As I slow down to rest in Him, to see Him at work in the small things, and to speak with and rely on other wise and godly people around me, I see that even when I feel overwhelmed and confused, the Lord is at work. The question is, will I only allow Him to quietly work around me? Or will I quietly come before Him and allow Him to work in me, as well?

For even when it’s hard to see or understand, His hand is at work accomplishing His perfect purposes. And even when He’s quiet, God is good.

Bloom & Grow

A little over two weeks ago, my sister gave birth to beautifully stubborn baby girl. Sweet Lucy Marie chose to make her entrance on her own terms, demonstrating the strong will that had been present practically since her conception. Born two weeks early, she entered the world quickly, screaming, and with a head full of black hair.

She entered our hearts just as swiftly, though perhaps more quietly. My sister remarked to me a few days postpartum, “Isn’t it odd that it already seems like she’s always been here?” And it really does.

I was able to spend a few days with Lucy and her parents last weekend, and it was such a joy to watch the ways in which she is already developing. I pretended at being a photographer for an afternoon and captured a few photos of her sweet face, tightly-closed fingers, and stretched-out toes. My favorite part of the weekend, though, was the time I was able to spend holding her and singing my favorite songs to her. I sang quite a few hymns to her, but also incorporated a few quiet melodies from the secular sphere. On my last day with her, I rocked her in the nursery while singing Adelweiss, and teared up when I got to the lyric, “Blossom of snow, May you bloom and grow”.

I hope, little Lucy, that you do. Blossom into your own sweet, perhaps a bit stubborn, person. Thrive under the love of your parents, family, friends, and God. Bloom and grow, dear niece of mine. Bloom and grow forever.

 

Where are we going from here?

clouds countryside daylight environment

This summer has been full of twists, turns, and lots of waiting. Waiting for the next step. For a better vision of the road ahead. For some sort of plan for the future.

And let me tell you, I hate waiting.

But after a summer of waiting, of maybes, of “well we think…”, we finally have some sort of answer to give to the question, “So what are your plans?”

Where are we going from here?

In May, Zach completed his MPhil from Cambridge. (Woohoo!) Up until this past week, we thought we were heading to Durham, England, for him to begin a PhD. I had even typed out a blog post to update you with that exact information. But remember all that waiting we’ve been doing? It’s not an activity conducive to getting visa applications in on time. For over a month now we’ve been waiting for one small piece of information that we needed to continue the visa application process. We came to the conclusion this past week that due to forces outside our control, we would not be making the trek to Durham this fall, after all.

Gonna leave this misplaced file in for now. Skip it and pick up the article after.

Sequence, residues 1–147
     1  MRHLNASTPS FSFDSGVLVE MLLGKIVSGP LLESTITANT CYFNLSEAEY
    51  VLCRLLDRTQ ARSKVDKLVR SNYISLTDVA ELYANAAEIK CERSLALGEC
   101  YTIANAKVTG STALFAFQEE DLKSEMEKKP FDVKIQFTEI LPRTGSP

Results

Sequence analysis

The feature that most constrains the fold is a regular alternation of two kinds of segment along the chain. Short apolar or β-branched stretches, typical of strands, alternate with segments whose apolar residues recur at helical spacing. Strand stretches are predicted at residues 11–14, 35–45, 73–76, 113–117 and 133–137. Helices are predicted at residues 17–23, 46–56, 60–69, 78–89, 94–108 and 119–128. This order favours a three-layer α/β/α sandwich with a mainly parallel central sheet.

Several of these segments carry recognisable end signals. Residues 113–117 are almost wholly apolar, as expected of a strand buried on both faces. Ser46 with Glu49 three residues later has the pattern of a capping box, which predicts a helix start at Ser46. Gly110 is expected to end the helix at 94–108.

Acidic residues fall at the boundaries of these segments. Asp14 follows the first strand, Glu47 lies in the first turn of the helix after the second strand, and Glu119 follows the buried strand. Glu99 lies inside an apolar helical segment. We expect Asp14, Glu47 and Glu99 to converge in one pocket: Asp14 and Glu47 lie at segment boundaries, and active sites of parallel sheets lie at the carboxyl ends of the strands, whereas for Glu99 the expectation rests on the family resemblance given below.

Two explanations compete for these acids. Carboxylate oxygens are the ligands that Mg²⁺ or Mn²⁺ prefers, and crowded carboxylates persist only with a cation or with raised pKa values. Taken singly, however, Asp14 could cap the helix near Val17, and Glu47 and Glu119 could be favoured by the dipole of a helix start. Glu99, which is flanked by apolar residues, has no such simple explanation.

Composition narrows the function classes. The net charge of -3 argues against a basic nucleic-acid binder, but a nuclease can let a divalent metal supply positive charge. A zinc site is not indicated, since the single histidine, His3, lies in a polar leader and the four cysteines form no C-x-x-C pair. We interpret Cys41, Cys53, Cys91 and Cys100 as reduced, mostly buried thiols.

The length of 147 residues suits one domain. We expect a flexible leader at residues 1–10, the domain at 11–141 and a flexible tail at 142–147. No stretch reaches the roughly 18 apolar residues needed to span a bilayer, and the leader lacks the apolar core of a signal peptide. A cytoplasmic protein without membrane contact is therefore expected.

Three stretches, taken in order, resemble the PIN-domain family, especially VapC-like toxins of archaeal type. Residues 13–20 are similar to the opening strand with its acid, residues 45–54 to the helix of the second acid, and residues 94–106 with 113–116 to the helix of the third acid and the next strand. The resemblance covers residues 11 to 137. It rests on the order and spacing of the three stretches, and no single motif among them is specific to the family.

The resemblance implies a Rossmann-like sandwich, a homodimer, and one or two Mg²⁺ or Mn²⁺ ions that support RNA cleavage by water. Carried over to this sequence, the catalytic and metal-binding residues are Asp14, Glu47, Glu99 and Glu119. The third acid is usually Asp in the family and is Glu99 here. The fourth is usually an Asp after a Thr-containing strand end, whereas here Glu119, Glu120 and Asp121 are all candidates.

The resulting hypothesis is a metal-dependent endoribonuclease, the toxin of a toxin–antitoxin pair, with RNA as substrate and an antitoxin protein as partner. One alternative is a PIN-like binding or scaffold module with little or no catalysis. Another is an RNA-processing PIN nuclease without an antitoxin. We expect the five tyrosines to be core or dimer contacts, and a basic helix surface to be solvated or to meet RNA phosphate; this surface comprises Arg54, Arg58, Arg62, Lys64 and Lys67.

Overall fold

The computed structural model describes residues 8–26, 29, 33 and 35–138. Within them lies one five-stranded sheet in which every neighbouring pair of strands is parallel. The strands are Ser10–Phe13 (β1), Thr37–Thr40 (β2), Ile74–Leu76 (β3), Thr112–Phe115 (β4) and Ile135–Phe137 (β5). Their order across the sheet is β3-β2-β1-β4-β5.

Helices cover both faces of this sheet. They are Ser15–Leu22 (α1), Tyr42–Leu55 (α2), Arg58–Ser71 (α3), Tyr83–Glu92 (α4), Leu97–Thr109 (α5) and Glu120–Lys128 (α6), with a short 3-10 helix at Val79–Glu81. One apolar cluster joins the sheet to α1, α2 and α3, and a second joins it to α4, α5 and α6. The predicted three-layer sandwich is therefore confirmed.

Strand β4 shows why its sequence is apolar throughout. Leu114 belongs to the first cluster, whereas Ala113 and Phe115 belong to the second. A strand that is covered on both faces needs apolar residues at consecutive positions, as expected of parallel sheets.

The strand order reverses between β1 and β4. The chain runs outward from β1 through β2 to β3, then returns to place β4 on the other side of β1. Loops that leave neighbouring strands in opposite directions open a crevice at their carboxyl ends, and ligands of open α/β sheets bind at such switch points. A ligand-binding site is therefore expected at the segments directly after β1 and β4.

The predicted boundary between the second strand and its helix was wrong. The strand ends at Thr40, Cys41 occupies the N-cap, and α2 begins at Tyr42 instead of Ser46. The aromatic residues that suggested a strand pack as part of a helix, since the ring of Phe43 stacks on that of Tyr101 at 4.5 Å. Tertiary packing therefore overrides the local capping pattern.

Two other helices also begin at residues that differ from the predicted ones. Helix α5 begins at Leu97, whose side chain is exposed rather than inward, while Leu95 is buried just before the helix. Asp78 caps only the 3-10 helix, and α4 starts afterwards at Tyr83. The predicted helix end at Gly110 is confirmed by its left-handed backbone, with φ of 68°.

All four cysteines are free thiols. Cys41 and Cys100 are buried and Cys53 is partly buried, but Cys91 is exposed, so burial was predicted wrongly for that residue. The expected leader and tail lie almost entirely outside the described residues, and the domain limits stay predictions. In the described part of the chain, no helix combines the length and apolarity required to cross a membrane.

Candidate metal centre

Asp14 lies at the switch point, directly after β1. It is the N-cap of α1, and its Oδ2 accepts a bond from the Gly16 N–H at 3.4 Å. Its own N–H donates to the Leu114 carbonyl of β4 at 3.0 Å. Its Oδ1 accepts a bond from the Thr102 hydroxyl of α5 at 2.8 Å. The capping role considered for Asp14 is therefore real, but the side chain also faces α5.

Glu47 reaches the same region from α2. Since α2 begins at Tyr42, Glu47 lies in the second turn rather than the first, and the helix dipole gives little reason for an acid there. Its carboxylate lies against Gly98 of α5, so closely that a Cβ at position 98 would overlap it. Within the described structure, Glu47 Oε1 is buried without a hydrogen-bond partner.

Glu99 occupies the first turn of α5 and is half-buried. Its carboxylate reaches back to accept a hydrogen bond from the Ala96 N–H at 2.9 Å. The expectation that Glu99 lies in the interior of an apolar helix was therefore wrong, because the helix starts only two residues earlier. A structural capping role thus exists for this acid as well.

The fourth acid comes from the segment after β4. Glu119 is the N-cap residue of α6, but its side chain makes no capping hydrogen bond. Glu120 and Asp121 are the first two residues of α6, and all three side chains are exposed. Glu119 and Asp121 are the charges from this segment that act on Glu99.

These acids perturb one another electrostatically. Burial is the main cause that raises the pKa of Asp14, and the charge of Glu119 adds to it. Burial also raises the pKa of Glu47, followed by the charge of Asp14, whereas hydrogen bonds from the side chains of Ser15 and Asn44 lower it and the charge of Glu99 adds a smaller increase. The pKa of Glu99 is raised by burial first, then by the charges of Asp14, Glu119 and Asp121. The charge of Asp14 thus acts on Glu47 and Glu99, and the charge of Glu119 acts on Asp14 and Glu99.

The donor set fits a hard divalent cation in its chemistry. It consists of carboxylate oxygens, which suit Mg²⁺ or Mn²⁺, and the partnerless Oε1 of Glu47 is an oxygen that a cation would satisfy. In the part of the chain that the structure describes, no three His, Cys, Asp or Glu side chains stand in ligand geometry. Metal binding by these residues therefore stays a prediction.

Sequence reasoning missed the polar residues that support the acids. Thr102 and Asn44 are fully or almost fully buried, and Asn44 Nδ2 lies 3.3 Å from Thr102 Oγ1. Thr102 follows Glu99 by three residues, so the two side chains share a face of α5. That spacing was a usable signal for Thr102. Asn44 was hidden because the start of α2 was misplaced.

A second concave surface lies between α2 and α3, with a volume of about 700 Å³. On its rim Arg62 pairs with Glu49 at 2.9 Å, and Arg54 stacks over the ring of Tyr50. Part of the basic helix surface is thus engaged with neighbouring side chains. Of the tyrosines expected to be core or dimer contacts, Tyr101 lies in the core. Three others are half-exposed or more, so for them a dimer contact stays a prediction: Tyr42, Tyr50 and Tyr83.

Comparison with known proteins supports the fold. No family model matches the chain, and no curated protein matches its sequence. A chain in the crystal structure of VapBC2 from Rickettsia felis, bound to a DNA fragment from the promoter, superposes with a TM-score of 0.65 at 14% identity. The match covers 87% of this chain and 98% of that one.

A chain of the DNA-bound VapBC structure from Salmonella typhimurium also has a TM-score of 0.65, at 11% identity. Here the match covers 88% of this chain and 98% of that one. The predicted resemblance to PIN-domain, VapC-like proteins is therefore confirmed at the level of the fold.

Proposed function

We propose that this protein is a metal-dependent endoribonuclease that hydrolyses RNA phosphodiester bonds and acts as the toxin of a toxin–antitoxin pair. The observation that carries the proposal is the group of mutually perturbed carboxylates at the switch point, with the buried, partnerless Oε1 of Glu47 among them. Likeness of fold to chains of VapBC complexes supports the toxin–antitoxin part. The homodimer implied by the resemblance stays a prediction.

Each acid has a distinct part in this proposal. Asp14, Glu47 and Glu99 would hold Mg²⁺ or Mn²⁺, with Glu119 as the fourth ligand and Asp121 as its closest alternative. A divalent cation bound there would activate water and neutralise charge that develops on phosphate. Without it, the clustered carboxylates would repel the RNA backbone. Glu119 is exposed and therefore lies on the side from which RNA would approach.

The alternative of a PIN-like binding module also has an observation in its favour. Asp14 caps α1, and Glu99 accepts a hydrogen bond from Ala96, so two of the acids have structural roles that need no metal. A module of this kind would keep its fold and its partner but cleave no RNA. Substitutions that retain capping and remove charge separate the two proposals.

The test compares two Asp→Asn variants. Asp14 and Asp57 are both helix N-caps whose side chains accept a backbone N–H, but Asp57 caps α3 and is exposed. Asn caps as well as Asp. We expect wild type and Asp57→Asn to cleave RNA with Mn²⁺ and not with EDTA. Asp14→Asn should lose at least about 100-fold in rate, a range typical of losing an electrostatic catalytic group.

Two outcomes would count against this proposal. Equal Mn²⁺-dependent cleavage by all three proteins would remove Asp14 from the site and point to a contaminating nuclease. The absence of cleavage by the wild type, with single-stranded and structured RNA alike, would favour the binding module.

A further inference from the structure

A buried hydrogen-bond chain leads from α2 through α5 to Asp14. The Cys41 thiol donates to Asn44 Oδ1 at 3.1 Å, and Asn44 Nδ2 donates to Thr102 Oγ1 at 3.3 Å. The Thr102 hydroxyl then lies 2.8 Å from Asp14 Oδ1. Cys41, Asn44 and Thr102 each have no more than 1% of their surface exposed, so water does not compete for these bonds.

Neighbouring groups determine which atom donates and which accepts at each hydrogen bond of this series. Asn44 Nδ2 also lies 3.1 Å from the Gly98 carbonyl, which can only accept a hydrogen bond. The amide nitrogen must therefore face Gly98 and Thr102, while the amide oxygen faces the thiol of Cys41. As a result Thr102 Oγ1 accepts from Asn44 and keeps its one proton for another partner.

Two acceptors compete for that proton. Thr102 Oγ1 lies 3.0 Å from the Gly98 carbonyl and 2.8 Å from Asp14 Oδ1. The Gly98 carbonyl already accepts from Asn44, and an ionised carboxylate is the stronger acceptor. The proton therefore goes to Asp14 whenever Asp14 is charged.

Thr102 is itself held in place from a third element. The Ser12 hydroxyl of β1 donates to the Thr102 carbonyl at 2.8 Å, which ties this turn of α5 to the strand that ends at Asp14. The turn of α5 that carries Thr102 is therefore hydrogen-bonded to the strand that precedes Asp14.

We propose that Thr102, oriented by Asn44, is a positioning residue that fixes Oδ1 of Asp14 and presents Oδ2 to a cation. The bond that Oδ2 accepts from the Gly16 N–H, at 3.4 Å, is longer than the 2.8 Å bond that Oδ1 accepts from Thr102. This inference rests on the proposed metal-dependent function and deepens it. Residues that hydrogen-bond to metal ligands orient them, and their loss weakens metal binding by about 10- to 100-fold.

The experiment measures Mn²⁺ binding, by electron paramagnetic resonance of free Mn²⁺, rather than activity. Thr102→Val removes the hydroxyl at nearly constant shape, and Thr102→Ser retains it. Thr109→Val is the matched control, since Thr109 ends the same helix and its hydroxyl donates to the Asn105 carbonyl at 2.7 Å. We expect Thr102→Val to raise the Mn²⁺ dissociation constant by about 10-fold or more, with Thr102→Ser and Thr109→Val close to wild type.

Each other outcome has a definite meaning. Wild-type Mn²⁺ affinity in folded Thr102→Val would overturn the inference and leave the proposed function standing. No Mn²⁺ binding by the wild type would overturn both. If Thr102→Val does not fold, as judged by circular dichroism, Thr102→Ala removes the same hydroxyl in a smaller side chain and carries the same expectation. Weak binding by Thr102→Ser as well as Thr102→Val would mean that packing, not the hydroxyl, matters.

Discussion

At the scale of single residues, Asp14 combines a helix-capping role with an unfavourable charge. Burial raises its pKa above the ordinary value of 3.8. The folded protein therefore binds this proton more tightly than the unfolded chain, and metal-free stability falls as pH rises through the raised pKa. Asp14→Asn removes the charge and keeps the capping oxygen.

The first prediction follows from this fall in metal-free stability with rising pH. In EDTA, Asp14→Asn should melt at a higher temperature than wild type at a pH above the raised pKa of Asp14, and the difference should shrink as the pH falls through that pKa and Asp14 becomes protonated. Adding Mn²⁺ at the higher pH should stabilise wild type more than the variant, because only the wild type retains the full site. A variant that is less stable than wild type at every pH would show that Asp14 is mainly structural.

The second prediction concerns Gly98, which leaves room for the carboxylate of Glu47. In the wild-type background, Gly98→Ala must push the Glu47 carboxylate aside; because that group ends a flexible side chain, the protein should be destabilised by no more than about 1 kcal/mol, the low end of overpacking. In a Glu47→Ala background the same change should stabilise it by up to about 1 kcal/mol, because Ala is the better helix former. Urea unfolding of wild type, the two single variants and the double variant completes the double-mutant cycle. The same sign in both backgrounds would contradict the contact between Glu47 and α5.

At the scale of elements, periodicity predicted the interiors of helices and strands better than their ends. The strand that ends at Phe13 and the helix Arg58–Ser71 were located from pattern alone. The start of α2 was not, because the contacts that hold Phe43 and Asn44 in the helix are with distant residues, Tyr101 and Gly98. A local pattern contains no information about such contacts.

Then, because this is how our lives work, we threw a new twist in the path. Zach emailed a colleague and would-be supervisor at another school he had considered for his PhD, the University of Glasgow. Throughout the process of looking for PhD programs, this was the supervisor under whom Zach most wanted to study. He wanted to make sure he understood all of his options for the coming year before committing to remain with Durham and pushing his PhD start date to Fall 2019. He asked the supervisor if there was an option to begin a PhD at Glasgow from the U.S. and to come to Scotland to be on campus after the first year. Unexpectedly, the answer was yes!

To sum up, we thought we were going to Durham. Then we thought we would have to stay in the U.S. and wait a year for Zach’s PhD to begin. Now, we will stay here for one year and go to Scotland in the fall of 2019. When we leave next fall Zach will have completed one year of the PhD program and I will be completely finished with my own master’s requirements, which will (hopefully) make it easier for me to find work after the move. I’m excited to finish up my master’s degree and enjoy some more time with family and friends on this side of the Atlantic. Zach is excited to start his PhD, work with a great supervisor, and still have continued access to sweet tea, Southern comfort food, and the ability to go deer hunting this fall!

Because of all of these topsy-turvy transitions, I needed to revamp my blog. The Durham/Gallatin/Glasgow Wife didn’t quite have the same ring to it as my previous moniker, and I wanted a name that would resonate with each chapter of my life, even the ones to come. In thinking through this name change, my mind went to one of my favorite hymns from childhood – All the Way My Savior Leads Me. In the second verse, the hymn writer reminds us that God “cheers each winding path I tread”. If there is one adjective that describes the path Zach and I have been on for the past two plus years of marriage, winding would be it. Knowing the lives my family members tend to lead, and considering how God often moves in the lives of His children, I’d wager the paths to come will remain winding, as well.

But that’s how we grow, isn’t it? When we can’t give detailed answers to the “Where are we going from here?” questions, we have to trust that God still cheers each winding path, even when we can’t see the end (or middle, or next five feet) of those paths. We learn to lean on Him and His understanding because we can’t trust our own. We try to enjoy the scenery at each bend in the road, knowing He leads us all the way, and He’s much better at navigating than we are.